Analytics are killing the underdog. Well, not the actual player, but the role of the underdog.
Teams have long kept their own statistics on things like shot attempts, so certain qualities of certain players have long been well documented within organizations. During these times fans would pick out certain players they would classify as underrated; skaters unheralded amongst other fans for seemingly bring the puck from their own zone to the offensive zone with consistency, or forwards who somehow always managed to throw everything towards the net. Now there are stats available to the public that keep tabs on these tendencies.
Take a quick look at Calgary Flames centre Mikael Backlund’s point totals this past season. The six-foot, 198-pound Swede racked up 10 goals and 27 points in 52 games. Then in the playoffs he had a goal and an assist in 11 contests. Now he’s signed to a three-year extension worth $3.575 million on average.
Before advanced stats really hit the mainstream, it would be easy to scoff at this contract. They’d say Calgary GM Brad Treliving was overpaying for a former first-round pick that’s entering his prime at the age of 26. But of course there would be a few who paid attention to Backlund’s play and deemed it a great deal for a young centre that plays a strong defensive game and contributes a bit offensively.
Fast-forward to 2015 and it’s hard to find people in the hockey community criticizing the three-year extension. Backlund was fourth among Flames forwards in 2014-15 as he started 39.6 percent of his shifts in the defensive zone, but he finished the season tied for fifth (with centre Sean Monahan) in Corsi percentage amongst forwards with a 45.6 rating. Nobody ahead of him started as many shifts in the defensive zone.
We can go back a little further to the summer of 2014 – often referred to as the summer of advanced stats – and see how puck possession stats brought defenceman Anton to the forefront of blueliners. With the New York Rangers during 2013-14, Stralman scored one goal and 13 assists in the regular season before adding five points – all assists – in 25 playoff contests that same season. The ensuing summer Tampa signed him to a five-year contract worth $4.5 million on average.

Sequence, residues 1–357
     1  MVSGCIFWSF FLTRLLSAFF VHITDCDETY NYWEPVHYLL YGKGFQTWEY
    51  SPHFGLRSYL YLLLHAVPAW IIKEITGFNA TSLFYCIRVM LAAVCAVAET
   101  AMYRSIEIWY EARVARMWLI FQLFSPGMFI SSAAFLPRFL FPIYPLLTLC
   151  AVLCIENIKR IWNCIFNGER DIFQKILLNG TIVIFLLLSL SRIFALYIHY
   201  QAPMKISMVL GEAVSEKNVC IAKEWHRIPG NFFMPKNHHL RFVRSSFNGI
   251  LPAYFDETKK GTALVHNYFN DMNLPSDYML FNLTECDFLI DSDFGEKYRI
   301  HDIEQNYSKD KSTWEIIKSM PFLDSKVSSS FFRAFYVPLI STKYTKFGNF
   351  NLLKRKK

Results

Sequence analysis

This marked a watershed in player valuations. Traditionally a quick look at those scoring statistics and the contract would lead you to believe Stralman plays a rough-and-tumble game. But the Swede stands at 5-foot-11, 190 pounds.
Steve Yzerman, GM of the Lightning, obviously embraced the analytics that showed Stralman played against a very high level of competition during his last season with the Rangers, and still managed to lead the team (including players with a dozen games or more played) in Corsi-for percentage with a 56.4 rating. The return for Tampa? Nine goals and 39 points in the regular season and an additional goal and nine points in 26 playoff games as the Lightning reached the Stanley Cup Final (where they ultimately lost in six games to the Chicago Blackhawks, who are hockey’s current dynasty).
There will always be some guy people consider an underdog. But it is more likely someone who defies the odds, like 5-foot-8, undrafted Lightning winger Tyler Johnson who tied Patrick Kane atop the postseason scoring charts with 23 points. Today, if you ask hockey executives, writers, or fans how badly they’d want Johnson on their team, only the most incongruous wouldn’t say “very badly.” Not many people are left wondering why Tampa would sign Anton Stralman for $22.5 million, just like many people weren’t surprised anymore when Tyler Johnson scored this go-ahead goal in Game 2 of the Finals.
So much of the game today is quantifiable. And since numbers can be broken down to show, in depth, how effective players are in certain situations, not much is kept secret any longer. Sure, there are NHLers people will always regard as underdogs, but it’s not because their production flies under the radar of statistics. It’s because they overcome a certain disadvantage to defy the odds in the best hockey league on Earth.